Datacom is offering customers across Australia and New Zealand access to mixed and augmented reality technologies with Microsoft HoloLens.
HoloLens is a headset that projects high-definition 3D holograms into the wearer’s field of vision, in order to create a mixed reality of both the “real” and “virtual” worlds around the user.
Microsoft has been working on this ground-breaking technology for years and has recently made it available in North American markets only.
Yet Datacom has led the way locally, bringing the first HoloLens development unit into New Zealand earlier this year, followed by the establishment of the first HoloLens practice in the country.
“Augmented reality has reached the point where humans can interact with it in completely natural ways, from visualisation to gesture and speech recognition, which allows us to be much more efficient and do things we could never have done before,” Datacom Systems managing director Australia and New Zealand, Greg Davidson, said.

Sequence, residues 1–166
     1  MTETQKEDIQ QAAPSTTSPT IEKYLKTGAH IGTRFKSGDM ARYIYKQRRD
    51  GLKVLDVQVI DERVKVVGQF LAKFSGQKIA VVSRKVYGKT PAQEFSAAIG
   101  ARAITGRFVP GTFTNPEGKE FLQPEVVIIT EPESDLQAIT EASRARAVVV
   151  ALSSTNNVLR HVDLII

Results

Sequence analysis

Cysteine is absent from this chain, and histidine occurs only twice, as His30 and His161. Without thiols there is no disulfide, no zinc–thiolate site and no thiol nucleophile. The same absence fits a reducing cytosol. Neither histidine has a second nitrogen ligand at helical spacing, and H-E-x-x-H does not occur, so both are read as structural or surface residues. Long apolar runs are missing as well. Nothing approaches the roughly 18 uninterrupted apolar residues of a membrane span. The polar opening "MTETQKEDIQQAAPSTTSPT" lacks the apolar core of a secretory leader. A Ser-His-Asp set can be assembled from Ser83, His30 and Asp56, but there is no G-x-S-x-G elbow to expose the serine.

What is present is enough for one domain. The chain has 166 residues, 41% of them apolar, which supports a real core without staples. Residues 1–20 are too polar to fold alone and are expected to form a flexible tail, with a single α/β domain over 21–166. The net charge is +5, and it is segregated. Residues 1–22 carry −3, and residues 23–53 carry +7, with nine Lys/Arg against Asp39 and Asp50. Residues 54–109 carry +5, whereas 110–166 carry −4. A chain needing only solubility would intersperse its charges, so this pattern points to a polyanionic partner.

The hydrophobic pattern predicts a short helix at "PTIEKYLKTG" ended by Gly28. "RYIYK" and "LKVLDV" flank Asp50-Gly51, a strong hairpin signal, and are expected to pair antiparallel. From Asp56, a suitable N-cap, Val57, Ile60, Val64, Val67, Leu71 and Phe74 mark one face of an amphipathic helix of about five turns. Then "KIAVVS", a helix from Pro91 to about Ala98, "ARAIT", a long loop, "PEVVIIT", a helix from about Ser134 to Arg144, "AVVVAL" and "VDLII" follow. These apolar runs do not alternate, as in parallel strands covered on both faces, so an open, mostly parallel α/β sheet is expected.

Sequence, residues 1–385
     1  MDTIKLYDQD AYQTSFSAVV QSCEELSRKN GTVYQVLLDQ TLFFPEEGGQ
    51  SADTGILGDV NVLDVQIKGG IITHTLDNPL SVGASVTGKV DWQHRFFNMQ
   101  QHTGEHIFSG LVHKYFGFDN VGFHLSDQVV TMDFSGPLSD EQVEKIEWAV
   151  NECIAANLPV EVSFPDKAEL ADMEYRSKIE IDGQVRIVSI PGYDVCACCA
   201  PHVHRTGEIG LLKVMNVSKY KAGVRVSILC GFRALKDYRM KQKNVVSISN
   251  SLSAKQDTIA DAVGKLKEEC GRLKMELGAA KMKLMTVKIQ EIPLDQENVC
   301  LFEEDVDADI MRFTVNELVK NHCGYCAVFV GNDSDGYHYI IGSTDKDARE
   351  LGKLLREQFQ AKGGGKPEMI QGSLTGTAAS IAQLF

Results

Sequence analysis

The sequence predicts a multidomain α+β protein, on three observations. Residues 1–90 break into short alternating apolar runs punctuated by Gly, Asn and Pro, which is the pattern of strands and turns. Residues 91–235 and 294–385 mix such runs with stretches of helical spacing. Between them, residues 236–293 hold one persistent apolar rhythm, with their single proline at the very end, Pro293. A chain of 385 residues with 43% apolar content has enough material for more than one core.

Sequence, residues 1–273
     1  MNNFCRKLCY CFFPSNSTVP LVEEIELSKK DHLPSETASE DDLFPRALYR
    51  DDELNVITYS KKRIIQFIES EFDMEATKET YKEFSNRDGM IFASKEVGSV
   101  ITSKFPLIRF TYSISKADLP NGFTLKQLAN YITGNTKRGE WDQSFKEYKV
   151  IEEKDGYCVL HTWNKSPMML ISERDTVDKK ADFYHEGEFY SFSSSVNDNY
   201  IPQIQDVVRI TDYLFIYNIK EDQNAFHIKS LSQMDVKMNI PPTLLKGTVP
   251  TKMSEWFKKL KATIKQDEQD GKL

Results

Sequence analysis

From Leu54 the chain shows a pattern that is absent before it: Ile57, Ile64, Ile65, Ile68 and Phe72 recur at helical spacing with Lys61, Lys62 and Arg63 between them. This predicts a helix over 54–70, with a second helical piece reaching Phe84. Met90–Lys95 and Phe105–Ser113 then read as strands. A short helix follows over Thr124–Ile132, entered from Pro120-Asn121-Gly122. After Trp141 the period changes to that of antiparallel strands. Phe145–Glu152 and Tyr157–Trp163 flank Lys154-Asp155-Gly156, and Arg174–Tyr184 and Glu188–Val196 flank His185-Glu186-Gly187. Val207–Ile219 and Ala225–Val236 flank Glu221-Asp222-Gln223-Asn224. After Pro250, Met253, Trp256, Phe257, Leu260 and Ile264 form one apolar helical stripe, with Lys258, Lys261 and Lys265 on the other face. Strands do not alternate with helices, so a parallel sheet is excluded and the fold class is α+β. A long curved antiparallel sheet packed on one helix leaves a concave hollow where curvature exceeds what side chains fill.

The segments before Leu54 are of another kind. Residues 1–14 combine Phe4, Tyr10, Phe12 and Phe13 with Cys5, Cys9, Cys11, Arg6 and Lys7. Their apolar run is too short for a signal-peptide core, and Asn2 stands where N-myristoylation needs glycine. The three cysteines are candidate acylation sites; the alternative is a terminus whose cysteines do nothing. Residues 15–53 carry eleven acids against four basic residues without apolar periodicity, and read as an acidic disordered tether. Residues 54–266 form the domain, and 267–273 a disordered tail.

“We are seeing widespread and surprising uses for this new technology across our customer base and predict it will become mainstream in the coming years.”
Davidson said the company’s first real-world project in New Zealand is with Auckland Museum and the University of Auckland’s Information Systems and Operations Management Department.
Using Datacom’s HoloLens units to explore ways in which the collaboration functions of HoloLens can be harnessed, Davidson said the project allows users to share the same view of museum collection objects that have been scanned into 3D holographic images, despite the viewers being in different locations.
The HoloLens technology also enables users to view real-world objects from a remote location through another person’s HoloLens device, and to discuss and annotate in that person’s field of vision in a natural way.
In Australia, Davidson said Datacom has built a concept app that demonstrates how HoloLens can be used to support the motor vehicle industry.
According to Davidson, the app could allow retailers to sell cars without the need for a single vehicle sitting in a big expensive yard.
As a result, users can interact with a life-sized holographic car, from sitting in the front seat and walking around it to opening the doors and listening to the engine.
Furthermore, Davidson said users "can do things you can’t with a real car", such as instantly changing the colour, modifying the interior or peering into the inner workings of the engine.